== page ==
His grandparents were first--generation Irish immigrants, and his Irish Catholic family was politicized by the Kennedy election in 1960. Murray was five when Kennedy was elected, but became forever after a card-carrying member of the Democratic Party; he felt that Kennedy’s election validated his family’s status. “The Democratic Party is about providing opportunities for families like mine,” he says. “The Democratic Party reflects my core religious belief of helping those on the margins of society, the homeless, the mentally ill. Those looking for a second chance.”

Murray came out when he graduated college in 1980, and his identity did play a role in his political evolution, but not in the way one might expect. Though he had participated in politics—student body president in high school; anti-apartheid leader in college, running a group called the Human Rights Forum at University of Portland—he didn’t think an out gay could make it in politics and he got a low--profile job as a paralegal. But when Seattle gay leader Cal Anderson ran for the state legislature in the ’80s, Murray was energized. Much as Kennedy had validated his family’s sense of who they were, Murray says, “When Cal Anderson ran, it was like, ‘Wow, someone like me can really do that.’ And he was sort of the bookend to John Kennedy breaking through  the barrier.” 

Murray ended up running Anderson’s winning campaign in 1988 and was drawn right back into politics. He got a job working for a young city council member, Martha Choe, where he was tasked with wonky policy work such as figuring out bus routes between Capitol Hill and Queen Anne, and facilitating street-calming and bike lane projects.  “If I learned retail politics from Cal, I learned public policy and how to do  budgets from Martha Choe.” When  Anderson died from AIDS in 1995, the appointment shuffle to fill Anderson’s senate seat put Murray—by then he’d served as president of the statewide gay and lesbian advocacy group, the Privacy Fund—in the statehouse. He won reelection a year later.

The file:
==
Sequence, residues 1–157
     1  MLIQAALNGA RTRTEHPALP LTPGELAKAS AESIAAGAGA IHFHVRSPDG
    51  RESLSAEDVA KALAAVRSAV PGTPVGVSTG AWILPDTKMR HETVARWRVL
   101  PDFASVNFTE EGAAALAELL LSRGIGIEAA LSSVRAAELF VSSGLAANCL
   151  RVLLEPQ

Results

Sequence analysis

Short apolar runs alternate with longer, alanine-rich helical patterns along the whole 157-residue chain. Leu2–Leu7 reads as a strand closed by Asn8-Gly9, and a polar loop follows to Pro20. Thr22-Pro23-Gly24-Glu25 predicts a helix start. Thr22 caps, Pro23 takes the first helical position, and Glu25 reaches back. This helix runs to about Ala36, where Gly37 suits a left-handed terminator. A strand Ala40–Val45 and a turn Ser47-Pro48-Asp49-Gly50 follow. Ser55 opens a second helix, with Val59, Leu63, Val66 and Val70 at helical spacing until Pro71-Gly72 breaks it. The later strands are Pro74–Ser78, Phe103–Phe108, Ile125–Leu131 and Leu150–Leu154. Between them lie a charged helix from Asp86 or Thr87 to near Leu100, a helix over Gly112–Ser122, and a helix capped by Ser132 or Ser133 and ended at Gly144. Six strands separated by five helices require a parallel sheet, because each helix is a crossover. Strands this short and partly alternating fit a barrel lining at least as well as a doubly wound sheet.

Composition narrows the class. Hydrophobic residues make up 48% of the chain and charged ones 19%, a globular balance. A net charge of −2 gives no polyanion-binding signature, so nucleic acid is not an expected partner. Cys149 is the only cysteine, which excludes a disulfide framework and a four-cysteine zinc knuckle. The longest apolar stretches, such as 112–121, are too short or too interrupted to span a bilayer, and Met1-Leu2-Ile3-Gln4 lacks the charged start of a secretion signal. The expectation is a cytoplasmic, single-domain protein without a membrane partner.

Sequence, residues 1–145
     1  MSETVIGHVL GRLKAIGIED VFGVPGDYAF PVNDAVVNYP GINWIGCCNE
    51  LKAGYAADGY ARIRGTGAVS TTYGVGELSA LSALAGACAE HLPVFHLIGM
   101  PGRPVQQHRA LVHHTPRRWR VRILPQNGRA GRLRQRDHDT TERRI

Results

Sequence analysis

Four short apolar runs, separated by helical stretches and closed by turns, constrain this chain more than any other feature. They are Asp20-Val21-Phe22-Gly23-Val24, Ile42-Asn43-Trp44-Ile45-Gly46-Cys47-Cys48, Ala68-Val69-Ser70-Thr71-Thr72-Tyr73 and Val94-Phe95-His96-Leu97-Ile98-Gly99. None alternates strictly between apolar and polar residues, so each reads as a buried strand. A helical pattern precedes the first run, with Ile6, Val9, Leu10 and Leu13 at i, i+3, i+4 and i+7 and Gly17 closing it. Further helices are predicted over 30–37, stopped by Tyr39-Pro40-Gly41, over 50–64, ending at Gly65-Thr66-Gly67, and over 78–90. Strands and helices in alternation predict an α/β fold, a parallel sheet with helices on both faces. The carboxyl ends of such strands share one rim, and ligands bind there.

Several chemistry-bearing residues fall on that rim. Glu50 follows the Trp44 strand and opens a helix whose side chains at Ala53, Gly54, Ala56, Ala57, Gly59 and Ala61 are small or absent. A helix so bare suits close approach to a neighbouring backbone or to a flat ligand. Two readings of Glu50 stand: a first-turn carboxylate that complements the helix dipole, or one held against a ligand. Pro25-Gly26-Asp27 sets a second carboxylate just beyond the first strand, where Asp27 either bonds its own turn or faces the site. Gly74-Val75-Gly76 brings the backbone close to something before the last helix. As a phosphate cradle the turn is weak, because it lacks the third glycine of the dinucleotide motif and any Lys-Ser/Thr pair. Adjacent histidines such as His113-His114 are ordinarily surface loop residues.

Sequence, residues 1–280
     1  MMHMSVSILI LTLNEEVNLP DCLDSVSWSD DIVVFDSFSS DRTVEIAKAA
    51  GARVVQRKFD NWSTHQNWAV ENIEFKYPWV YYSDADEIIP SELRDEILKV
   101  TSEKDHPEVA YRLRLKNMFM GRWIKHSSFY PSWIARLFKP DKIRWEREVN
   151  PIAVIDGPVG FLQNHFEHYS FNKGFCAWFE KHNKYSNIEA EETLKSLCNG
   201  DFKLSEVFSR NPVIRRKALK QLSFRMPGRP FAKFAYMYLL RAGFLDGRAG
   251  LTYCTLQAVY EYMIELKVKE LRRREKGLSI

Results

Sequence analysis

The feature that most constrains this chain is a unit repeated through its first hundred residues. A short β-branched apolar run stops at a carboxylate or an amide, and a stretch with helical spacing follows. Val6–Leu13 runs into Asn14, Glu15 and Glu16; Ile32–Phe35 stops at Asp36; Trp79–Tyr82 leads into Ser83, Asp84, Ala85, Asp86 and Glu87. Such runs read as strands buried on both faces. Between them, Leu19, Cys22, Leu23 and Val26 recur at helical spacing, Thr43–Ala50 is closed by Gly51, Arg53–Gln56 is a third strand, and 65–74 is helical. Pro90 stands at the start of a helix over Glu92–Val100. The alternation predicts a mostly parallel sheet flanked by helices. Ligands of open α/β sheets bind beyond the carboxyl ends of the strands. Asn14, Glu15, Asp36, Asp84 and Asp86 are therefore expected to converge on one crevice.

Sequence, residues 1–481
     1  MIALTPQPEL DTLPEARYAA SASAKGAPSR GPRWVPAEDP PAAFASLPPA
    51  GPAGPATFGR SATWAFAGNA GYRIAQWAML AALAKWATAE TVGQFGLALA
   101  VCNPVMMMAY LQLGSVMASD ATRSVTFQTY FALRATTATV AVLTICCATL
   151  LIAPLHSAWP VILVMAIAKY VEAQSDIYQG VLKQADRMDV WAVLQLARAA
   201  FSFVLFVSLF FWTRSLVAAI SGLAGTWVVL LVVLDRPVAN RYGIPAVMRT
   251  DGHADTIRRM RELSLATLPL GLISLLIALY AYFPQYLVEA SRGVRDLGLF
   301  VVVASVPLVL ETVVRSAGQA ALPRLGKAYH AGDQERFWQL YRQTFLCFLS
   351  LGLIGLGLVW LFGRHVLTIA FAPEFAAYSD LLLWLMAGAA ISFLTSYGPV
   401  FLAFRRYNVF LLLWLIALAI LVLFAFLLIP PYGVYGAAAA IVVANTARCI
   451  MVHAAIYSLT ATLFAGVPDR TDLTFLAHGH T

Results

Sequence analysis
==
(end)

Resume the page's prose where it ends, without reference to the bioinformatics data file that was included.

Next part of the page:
First, he served as the house capital budget chair. Next, he served as house transportation chair, ushering through new auto emissions standards. More importantly, building an unprecedented business-labor-environmentalist alliance, he passed a pair of controversial, previously unimaginable gas tax increases in 2003 and 2005 (totaling 15 cents a gallon) to upgrade the state’s transportation infrastructure. Ultimately, the controversy of building stuff and repairing roads wore off. A right-wing radio attempt to repeal the gas tax increase in 2005 failed decisively at the polls. 

Murray moved to the senate in 2007 and was appointed to the powerful ways and means committee, where his talent to craft compromises blossomed. Never mind gay marriage; slammed with the slow economic recovery and Republican power plays—including a floor coup—during last spring’s budget wrangling, Murray still managed to preserve core social services including the Disability Lifeline, Temporary Assistance for Needy Families, the State Food Assistance Program, and family planning services. “If the price of protecting our students, seniors, and vulnerable was a month of difficult negotiations,” Murray said, “it was well worth it.”

Murray is more  a Bruce Springsteen Democrat than a Lady Gaga Democrat. 

It’s ironic Murray has emerged as Seattle’s patient statesman in Olympia. For much of his career, he was infamous for being a hothead. Outgoing Democratic senate majority leader Lisa Brown remembers several occasions when Murray would just walk out of caucus meetings. And former house majority leader Lynn Kessler remembers Murray’s temper during a meeting with then– Eastside Republican senator Jim Horn after Horn staked out his conservative position. “Ed said, ‘That’s it, I’m leaving. If you’re going there, then I’m done.’ And I thought, Come on Ed, sit down.”